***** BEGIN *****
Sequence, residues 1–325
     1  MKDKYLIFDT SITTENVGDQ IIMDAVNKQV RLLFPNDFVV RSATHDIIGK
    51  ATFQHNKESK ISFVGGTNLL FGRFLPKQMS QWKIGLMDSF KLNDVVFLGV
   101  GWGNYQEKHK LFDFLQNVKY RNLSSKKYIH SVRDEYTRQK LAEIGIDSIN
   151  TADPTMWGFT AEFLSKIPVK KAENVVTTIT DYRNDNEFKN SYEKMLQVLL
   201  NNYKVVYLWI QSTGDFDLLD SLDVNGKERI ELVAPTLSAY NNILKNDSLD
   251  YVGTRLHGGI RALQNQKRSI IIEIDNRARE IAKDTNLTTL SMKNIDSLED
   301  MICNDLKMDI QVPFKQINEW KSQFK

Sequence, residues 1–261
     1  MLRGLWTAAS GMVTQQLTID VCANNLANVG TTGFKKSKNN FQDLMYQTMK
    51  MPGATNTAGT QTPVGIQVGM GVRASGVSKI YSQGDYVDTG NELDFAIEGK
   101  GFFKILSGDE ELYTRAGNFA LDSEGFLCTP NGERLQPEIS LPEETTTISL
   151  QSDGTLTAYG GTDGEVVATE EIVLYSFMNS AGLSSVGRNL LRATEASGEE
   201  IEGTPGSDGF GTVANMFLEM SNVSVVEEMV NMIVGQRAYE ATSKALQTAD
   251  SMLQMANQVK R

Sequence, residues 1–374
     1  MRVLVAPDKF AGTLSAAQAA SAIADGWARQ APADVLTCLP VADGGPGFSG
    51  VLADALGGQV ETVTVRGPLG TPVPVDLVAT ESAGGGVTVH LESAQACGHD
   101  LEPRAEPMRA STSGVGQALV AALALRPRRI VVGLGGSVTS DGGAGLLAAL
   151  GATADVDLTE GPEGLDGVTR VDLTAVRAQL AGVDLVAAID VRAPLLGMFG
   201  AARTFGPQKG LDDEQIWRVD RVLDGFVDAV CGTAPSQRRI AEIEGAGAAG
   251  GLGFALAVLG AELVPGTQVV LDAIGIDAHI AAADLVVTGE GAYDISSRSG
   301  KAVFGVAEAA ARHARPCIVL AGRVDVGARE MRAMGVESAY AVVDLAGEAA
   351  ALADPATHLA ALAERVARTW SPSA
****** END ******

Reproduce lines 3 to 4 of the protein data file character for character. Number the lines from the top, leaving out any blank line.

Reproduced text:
    51  ATFQHNKESK ISFVGGTNLL FGRFLPKQMS QWKIGLMDSF KLNDVVFLGV
   101  GWGNYQEKHK LFDFLQNVKY RNLSSKKYIH SVRDEYTRQK LAEIGIDSIN